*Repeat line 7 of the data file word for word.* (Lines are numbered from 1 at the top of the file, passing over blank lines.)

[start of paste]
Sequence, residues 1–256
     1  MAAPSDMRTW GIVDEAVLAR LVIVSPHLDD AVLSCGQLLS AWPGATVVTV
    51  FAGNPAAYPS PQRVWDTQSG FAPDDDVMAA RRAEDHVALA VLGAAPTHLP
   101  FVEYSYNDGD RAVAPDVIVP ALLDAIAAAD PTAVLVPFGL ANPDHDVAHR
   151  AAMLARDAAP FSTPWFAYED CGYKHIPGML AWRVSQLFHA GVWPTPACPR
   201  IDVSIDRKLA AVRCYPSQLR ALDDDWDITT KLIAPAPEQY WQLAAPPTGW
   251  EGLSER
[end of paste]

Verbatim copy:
   251  EGLSER